November is going to be a busy month. #ECOUG and #BGOUG

I stopped tracking the the miles I fly years ago. It seems every other month I’m in another timezone at a conference, learning from the best in the industry. Well in November I will be fortunate to stay in my timezone; speaking at the East Coast Oracle Users Group in Raleigh, North Carolina. Once I return from ECOUG, I’m on a flight to Sofia Bulgaria for the Bulgarian Oracle Users Group Autumn conference, seven hour time difference from Baltimore, Maryland.

What do we get out of my spending so much time traveling?

  1. I get privilege of teaching people how to secure their data. We are seeing the same security mistakes everywhere we go. Therefore I’ve dedicated some of my time to show you these mistakes and how to correct them.
    1. Setting up the Oracle Database environment. A lot of these mistakes are the result of an attitude of, we have strong parameter security, so the proper effort is not put into securing the database. Other mistakes are the result of not understanding how the database works. Sample question: If you take existing data and put it into an encrypted tablespace, is your data encrypted? The answer is yes and no. Yes your data is now encrypted but you still have unencrypted ghost data. I’ll walk you through how to address this ghost data. Most of these mistakes can be easily corrected, others require more engineering.
    2. Application Architecture. We have been designing applications the same way for over thirty years and then wonder why data is spilling. We need to fundamentally rethink how we design database applications. I will show you a secure application architecture that will dramatically improve the security of your data.
    3. Coding Standards. The biggest issue I see in database applications is SQL Injection bugs. I remember sitting in a meeting when the Director of Application Development told me. “There are no SQL Injection bugs in our applications.” We started the pen test and it did not take us very long to extract all of their source code from the database and from there we started extracting their data. Don’t be too confidant, there will always someone out there smarter then you (and smarter than me.)
  2. We get the privilege of learning from the best in the industry. The list of speakers at ECOUG AND BGOUG reads like a Who’s Who from the Oracle space. There are ACE Directors, ACE’s, ACE Associates and Oracle Product Mangers from all over the world along with some that are rising to ACE status. If you want to learn from the best of the best, come on out. Here is the best part, these guys are not only the smartest they are also the nicest people you will encounter. We are always happy to sit down over a beer or two and discuss your specific situation or just chew the fat.

Do you want to kick your career up a several notches? Ask us how to get involved with speaking at Oracle Users Groups.

The BGOUG Conference Agenda:

The ECOUG Conference Agenda:

Turn off the #http #listener in #Oracle #STIG

Locking down a database (applying STIGs) you need to check to see if the listener is running http. If you don’t need the http service, turn it off. Turning off http will reduce the attack surface.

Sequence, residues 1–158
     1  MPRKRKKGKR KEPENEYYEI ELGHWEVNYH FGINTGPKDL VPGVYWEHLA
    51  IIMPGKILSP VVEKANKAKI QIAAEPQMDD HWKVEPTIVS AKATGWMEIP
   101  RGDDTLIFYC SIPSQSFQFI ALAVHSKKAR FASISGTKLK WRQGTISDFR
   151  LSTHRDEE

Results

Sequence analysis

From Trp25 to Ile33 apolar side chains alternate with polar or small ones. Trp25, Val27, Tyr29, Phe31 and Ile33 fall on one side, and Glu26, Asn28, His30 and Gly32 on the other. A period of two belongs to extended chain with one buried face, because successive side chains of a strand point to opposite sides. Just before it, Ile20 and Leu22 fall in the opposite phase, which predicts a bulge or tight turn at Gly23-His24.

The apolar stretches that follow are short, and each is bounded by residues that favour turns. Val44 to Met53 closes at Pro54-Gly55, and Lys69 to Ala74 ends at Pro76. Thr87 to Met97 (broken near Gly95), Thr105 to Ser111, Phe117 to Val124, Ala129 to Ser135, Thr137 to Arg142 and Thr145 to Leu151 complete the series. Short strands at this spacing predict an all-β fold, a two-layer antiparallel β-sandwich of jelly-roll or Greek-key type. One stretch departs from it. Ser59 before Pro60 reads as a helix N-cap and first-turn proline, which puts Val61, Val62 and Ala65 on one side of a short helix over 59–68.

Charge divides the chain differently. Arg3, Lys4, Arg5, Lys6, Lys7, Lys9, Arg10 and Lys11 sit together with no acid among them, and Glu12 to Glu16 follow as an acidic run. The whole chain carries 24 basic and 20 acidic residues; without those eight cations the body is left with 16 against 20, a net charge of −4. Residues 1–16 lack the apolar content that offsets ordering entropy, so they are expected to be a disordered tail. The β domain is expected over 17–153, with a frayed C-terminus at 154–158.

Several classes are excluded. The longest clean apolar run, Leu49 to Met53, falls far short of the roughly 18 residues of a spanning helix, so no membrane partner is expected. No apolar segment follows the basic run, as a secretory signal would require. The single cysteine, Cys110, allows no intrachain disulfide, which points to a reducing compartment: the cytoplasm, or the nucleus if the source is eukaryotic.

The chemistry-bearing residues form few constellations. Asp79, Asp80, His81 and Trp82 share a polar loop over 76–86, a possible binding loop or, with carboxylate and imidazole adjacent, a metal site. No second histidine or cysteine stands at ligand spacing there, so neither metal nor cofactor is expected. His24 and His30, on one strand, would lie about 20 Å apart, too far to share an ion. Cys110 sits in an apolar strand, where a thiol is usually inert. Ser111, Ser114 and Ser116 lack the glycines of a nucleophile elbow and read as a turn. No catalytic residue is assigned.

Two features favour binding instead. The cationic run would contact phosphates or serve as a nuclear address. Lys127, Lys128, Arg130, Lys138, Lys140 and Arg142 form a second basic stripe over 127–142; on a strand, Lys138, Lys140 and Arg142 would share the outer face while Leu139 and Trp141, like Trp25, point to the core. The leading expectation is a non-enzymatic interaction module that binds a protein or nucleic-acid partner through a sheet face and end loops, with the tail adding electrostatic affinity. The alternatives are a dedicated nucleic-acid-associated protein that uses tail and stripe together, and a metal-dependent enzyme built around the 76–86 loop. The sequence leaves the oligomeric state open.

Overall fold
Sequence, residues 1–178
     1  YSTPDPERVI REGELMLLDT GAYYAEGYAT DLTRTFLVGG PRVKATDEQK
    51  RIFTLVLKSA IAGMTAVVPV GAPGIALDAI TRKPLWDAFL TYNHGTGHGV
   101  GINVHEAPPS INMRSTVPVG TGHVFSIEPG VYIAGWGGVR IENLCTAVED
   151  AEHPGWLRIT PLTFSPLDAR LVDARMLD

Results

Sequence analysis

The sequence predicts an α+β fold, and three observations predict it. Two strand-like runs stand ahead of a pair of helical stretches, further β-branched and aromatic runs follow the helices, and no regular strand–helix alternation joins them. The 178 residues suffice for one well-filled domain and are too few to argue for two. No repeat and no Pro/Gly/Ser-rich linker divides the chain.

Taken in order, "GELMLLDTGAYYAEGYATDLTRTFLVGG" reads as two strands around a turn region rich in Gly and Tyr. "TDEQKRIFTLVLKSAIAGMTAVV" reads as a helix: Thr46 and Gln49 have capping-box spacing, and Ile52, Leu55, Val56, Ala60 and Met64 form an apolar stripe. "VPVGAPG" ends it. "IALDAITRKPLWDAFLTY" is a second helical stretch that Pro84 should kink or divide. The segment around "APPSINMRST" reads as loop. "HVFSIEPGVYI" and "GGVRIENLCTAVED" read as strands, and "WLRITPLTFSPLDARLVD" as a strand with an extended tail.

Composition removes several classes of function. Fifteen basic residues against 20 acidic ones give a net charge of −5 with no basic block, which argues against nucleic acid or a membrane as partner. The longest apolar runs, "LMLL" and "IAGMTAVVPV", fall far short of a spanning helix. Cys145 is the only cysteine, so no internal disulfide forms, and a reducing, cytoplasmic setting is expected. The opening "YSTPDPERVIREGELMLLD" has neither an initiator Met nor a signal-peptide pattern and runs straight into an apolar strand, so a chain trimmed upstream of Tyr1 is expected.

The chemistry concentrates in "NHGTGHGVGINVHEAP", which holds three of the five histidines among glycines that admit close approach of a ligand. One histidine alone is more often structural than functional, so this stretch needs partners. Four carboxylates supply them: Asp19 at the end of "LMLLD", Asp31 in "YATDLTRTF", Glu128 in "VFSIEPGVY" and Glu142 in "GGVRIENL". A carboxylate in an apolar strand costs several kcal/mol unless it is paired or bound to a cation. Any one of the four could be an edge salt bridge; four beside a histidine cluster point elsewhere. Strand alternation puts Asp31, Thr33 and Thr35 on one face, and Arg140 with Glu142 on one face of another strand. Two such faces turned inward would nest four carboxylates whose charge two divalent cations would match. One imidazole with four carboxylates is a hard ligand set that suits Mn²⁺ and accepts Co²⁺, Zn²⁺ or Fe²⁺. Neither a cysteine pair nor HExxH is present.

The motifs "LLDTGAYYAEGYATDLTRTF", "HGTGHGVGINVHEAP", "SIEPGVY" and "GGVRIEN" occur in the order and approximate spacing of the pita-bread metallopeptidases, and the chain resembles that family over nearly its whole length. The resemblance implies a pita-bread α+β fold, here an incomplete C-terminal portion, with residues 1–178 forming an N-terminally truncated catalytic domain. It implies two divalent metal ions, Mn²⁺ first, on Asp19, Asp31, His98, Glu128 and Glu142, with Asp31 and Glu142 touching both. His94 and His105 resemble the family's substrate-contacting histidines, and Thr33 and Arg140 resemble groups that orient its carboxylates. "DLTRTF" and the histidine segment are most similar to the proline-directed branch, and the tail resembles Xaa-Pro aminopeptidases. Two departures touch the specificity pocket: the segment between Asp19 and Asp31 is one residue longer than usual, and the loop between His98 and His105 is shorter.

Step 1) Is http running?
[oracle@vbgeneric db_1]$ lsnrctl stat | grep HTTP
[oracle@vbgeneric db_1]$

Step 2) Turn off http
RLOCKARD@orcl> select version from v$instance;

RLOCKARD@orcl12c> sho parameter dispatchers

———————————— ———– ——————————
dispatchers string (PROTOCOL=TCP)
max_dispatchers integer

RLOCKARD@orcl12c> exec dbms_xdb.sethttpport(0);
PL/SQL procedure successfully completed.

RLOCKARD@orcl12c> exit
Disconnected from Oracle Database 12c Enterprise Edition Release – 64bit Production
With the Partitioning, OLAP, Advanced Analytics and Real Application Testing options

SYS@orcl12c> sho parameter dispatchers

———————————— ———– ——————————
dispatchers string (PROTOCOL=TCP)
max_dispatchers integer

[oracle@vbgeneric db_1]$ lsnrctl stop

LSNRCTL for Linux: Version – Production on 15-SEP-2016 09:25:29

Copyright (c) 1991, 2014, Oracle. All rights reserved.

The command completed successfully
[oracle@vbgeneric db_1]$ lsnrctl start

LSNRCTL for Linux: Version – Production on 15-SEP-2016 09:25:34

Copyright (c) 1991, 2014, Oracle. All rights reserved.

Starting /u01/app/oracle/product/ please wait…

TNSLSNR for Linux: Version – Production
System parameter file is /u01/app/oracle/product/
Log messages written to /u01/app/oracle/diag/tnslsnr/vbgeneric/listener/alert/log.xml
Notice it’s gone
Version TNSLSNR for Linux: Version – Production
Start Date 15-SEP-2016 09:25:34
Uptime 0 days 0 hr. 0 min. 0 sec
Trace Level off
Security ON: Local OS Authentication
Default Service orcl12c
Listener Parameter File /u01/app/oracle/product/
Listener Log File /u01/app/oracle/diag/tnslsnr/vbgeneric/listener/alert/log.xml
Listening Endpoints Summary…
Services Summary…
Service “orcl12c” has 1 instance(s).
Instance “orcl12c”, status UNKNOWN, has 1 handler(s) for this service…
The command completed successfully

That was easy.

#infosec #Oracle #Migration #Encryption #2MTT

I have seen this twice in the past week. A customer requirement is to migrate their Oracle database to a new server and they want encryption implemented.The steps defined in the request is Migrate then Encrypt. This is backwards. You should setup your encryption then migrate your data into the new server. Why is this? Well if you move your data and then put it into encrypted tablespaces you are going to be chasing ghost data.

Here is a two minute tech tip I did for Oracle Technology Network explaining the problem.